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PAUL'S "ONE ANOTHER" PASSAGES
October 26, 2014
The pronoun one another comes from a Greek word which means, "One another, reciprocally, mutually" (Thayer) "The word is most often translated, "one another" in the New Testament. That is the case in the writings of Paul. However, it is translated, mutual once (Romans 1:12), and the plural is translated "yourselves" (1 Thessalonians 5:11). The word means something that two or more share in common with each other.
Paul writes in Romans 12:10, "Be kindly affectioned one to another with brotherly love; in honour preferring one another." Paul begins by saying, "Be kindly affectioned one to another..." He ends by saying, "In honour preferring one another." Honour (honor) is from a Greek word meaning, "To lead the way for others, that is, show deference:- prefer" (Strong. Deference, according to Merriam-Webster is, "A way of behaving that shows respect for someone or something." So one who has brotherly love will have kind affection for every other Christian, and will treat each one with respect. Albert Barnes writes:
The word 'preferring' means going before, leading, setting an example. Thus, in showing mutual respect and honor, they were to strive to excel; not to see which could obtain most honor, but which could confer most, or manifest most respect...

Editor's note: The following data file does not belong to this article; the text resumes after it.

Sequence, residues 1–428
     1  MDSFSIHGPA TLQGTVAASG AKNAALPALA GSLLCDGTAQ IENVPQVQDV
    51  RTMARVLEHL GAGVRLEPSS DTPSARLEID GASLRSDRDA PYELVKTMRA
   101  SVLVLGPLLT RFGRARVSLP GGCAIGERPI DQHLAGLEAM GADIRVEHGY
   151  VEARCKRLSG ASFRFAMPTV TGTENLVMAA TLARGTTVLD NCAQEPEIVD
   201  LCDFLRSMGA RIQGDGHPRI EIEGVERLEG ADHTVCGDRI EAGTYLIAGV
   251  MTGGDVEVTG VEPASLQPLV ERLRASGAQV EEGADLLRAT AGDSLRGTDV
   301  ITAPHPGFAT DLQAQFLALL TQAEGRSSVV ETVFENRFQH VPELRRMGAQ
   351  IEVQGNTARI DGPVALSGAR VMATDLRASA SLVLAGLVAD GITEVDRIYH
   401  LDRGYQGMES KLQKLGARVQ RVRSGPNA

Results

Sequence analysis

Paul is making clear the fact that it is good for one to lead by example, not by arrogance or disrespect for the needs and desires of others.
The pronoun, "one another," is found forty-seven times in the New Testament. Twenty-nine of those examples of "one another" passages occur in the writings of the Apostle Paul.
Paul writes in Romans 15:7, "Wherefore receive ye one another, as Christ also received us to the glory of God." Receive, according to Vine, "Denotes "to take to oneself" (pros, "to") or "to receive," always in the Middle Voice, signifying a special interest on the part of the receiver, suggesting a welcome..." A good example of the word is found in Acts 18. Apollos had learned the way of the Lord, but knew only the baptism of John (See Mark 1:4; Acts 19:4). We are told in Acts 18:26, "And he began to speak boldly in the synagogue: whom when Aquila and Priscilla had heard, they took him unto them, and expounded unto him the way of God more perfectly." seeing that Apollos had an imperfect knowledge of the truth, and was thus preaching error, Aquila and Priscilla lovingly took him aside ("received" him) and taught him the way more perfectly.
When Paul's Rome-bound ship was shipwrecked on Melita, Luke tells us, "And the barbarous people shewed us no little kindness: for they kindled a fire, and received us every one, because of the present rain, and because of the cold" (Acts 28:2). Even the barbarous people received (welcomed) the victims of the shipwreck into their hospitality!
Paul writes in Romans 15:14, "And I myself also am persuaded of you, my brethren, that ye also are full of goodness, filled with all knowledge, able also to admonish one another." We will discuss that one in our next installment. To be continued...
*Meredith, J.L. Meredith's Book Of Bible Lists. Minneapolis, Minnesota: Bethany House Publishers, 1980. Print.
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